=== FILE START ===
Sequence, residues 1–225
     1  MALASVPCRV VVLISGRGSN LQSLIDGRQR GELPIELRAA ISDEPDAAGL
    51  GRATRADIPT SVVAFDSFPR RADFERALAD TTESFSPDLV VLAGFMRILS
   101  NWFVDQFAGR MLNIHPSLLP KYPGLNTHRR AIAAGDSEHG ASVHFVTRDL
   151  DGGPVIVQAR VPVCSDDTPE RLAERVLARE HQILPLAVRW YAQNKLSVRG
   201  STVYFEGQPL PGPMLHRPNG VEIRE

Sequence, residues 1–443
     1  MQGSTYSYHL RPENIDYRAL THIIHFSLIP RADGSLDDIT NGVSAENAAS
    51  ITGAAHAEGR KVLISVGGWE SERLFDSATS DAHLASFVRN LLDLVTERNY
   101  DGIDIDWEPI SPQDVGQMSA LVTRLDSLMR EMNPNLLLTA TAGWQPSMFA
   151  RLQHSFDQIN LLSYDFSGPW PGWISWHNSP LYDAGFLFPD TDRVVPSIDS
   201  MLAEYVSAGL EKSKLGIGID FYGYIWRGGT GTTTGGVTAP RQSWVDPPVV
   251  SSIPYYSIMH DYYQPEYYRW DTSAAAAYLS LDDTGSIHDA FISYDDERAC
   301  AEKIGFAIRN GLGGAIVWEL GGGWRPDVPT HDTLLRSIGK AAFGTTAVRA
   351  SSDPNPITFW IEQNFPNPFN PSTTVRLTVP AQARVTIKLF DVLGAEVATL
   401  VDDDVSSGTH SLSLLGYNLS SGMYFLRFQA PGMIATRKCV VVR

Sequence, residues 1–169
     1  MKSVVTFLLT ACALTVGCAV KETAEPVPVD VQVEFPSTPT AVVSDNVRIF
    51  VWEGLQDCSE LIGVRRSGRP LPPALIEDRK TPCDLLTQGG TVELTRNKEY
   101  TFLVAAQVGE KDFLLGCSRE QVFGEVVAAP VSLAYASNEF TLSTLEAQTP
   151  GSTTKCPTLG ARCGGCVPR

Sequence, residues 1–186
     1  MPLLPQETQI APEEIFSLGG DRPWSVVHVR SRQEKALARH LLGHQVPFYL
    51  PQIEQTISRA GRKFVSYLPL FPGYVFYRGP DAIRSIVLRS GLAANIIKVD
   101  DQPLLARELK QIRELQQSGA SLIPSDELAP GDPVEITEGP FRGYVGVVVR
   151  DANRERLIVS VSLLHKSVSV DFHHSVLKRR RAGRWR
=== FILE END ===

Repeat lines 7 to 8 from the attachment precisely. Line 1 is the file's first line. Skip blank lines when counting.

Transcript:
Sequence, residues 1–443
     1  MQGSTYSYHL RPENIDYRAL THIIHFSLIP RADGSLDDIT NGVSAENAAS